Upper Harris Wash: Zebra, Tunnel and Good Cow Canyons
A fairly easy day was called for, so we chose to check out Upper Harris Wash, with the famous Zebra and Tunnel slots, as shown in Kelsey's Colorado Plateau book. This area can also be accessed from the Old Sheffield Road down Bighorn Canyon, as shown in Allen's Escalante book. Studying the map, we spied a likely looking wash headed directly from the road to the correct place in Harris wash, so we took it. A convenient parking place next to a fence and cattleguard was in the right place, so...
Larry Halford at the “trailhead”. Adventures in the Escalante often start at fairly non-descript, and more often un-marked, places like this.
The approach canyon starts out wash-like and cowed-up, but sharpens and becomes a bit more interesting. Here’s some nice bluffs about halfway to Harris Wash.
Nice weather, eh? It takes about an hour to get to Harris Wash, all of which is in the full sun. This access route would be broiling hot in the summer.
And we arrive at Harris Wash. The terrain requires careful reading of the map to find the goodies. We headed upcanyon in pursuit of the picturesque Zebra Canyon.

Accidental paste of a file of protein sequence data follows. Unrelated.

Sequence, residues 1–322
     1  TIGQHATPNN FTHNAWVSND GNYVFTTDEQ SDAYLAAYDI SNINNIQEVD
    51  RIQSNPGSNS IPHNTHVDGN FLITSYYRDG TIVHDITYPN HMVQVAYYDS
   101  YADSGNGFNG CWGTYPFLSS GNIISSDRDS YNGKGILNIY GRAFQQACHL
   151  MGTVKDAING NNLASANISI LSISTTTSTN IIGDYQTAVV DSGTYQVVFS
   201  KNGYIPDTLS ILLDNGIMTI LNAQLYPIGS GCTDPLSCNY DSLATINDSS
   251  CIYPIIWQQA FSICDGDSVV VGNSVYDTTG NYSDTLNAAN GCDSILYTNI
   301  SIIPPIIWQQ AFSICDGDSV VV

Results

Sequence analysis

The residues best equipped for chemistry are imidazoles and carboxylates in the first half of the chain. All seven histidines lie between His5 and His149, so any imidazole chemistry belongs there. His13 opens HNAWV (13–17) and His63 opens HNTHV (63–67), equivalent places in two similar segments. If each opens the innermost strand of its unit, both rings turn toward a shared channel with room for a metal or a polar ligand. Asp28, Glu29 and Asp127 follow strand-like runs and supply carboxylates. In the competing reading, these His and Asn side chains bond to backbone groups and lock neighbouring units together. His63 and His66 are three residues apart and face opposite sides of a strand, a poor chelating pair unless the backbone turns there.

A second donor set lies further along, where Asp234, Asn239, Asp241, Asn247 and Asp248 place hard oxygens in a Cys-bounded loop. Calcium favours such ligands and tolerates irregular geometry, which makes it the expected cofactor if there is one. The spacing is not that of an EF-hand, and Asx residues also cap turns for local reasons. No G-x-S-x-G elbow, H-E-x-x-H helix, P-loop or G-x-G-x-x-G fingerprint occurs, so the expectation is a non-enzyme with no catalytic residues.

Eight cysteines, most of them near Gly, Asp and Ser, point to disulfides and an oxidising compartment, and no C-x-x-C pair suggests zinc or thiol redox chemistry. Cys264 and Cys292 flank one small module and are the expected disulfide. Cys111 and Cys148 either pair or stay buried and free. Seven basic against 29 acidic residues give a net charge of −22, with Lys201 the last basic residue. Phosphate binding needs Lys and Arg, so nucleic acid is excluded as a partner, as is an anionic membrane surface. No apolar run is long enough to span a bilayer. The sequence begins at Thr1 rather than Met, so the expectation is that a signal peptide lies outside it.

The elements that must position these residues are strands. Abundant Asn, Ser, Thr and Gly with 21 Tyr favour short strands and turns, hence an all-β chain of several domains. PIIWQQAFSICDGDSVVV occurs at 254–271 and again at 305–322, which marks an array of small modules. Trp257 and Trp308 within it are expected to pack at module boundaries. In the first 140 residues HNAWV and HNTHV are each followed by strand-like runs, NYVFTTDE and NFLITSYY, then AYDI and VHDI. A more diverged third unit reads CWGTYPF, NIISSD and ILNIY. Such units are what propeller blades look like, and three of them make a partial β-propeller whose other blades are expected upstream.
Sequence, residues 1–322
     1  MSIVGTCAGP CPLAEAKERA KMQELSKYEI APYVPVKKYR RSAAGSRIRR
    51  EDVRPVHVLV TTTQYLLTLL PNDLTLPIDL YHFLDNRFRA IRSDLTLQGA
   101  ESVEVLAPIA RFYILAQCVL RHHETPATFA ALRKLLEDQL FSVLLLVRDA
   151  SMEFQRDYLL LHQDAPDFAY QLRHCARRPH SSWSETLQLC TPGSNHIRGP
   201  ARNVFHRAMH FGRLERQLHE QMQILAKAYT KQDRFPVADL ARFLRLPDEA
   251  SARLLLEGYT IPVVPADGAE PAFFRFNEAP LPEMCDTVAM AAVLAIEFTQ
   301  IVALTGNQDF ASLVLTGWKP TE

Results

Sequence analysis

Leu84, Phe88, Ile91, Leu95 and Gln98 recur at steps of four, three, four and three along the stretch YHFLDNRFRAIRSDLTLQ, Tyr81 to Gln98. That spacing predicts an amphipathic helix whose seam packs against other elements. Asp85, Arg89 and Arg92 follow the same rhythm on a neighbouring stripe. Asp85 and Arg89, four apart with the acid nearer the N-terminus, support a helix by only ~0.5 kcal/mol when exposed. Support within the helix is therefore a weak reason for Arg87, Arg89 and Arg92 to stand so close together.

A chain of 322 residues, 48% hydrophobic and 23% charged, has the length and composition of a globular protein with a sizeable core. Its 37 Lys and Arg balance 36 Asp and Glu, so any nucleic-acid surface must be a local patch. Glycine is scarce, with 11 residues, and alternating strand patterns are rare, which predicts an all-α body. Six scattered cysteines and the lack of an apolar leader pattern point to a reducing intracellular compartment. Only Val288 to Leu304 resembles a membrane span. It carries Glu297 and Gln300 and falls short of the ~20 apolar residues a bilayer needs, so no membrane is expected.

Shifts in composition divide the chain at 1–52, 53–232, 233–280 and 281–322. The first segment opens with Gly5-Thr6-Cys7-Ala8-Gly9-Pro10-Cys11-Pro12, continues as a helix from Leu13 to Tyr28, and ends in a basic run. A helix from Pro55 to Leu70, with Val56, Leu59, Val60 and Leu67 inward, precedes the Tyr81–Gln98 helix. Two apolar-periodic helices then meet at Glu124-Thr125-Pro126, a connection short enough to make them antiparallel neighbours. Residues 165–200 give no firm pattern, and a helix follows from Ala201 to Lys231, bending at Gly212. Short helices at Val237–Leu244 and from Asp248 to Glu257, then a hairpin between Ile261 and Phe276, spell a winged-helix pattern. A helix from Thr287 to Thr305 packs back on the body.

Entering the mouth of Zebra Canyon. Many of the more interesting canyons don’t look like a whole lot from their mouths
Zebra has a few very, very cold pools that block access to "the goodies". It took us a while to psyche up, but eventually we waded into the chill and through into the slot itself. Our early arrival proved advantageous, as good light was to be had with the sun low in the sky giving no direct light.
The cool part of Zebra, a couple hundred yards of really cool slot. A couple deep potholes block exit from the top of the canyon. (Rumor has it, these can be rappelled using natural anchors, but it is not, like, real exciting, man).
Tramping back to main Harris wash, then downstream, we sought Tunnel Slot. Again, the mouth of the canyon gave little clue to the beauties held within.
And then it closes down, way down, to a dark tunnel. Again with the freezing cold water. This day was proving a trial - hot, sandy tramping alternating with frigid wading. Tunnel is short, and requires a few steps in water up to shoulder-deep. After a few cool-down forays, we braved the chill and waded all the way through.
Behind Tunnel Slot is quite a nice slickrock area. With good map reading skills, it is possible to venture cross-country to the top of Zebra Slot.
Plenty of Moki Marbles can be found in this part of the Escalante-Dominguez.
Given these two interesting slots, we decided to check out the next canyon downstream. It looked pretty interesting on the map, but it proved to be a dud. Not very interesting. As in dull, dull, dull.
I'm not a big fan of cows in these canyons. Don't take this the wrong way, but this is the way I like em. The Queen of the Desert. There are better places to fatten up cows, and there are better "uses" of these canyons, than letting cows eat everything green.
Heading back out. This made a great, casual, scenic day. A nice stroll in early spring or late fall.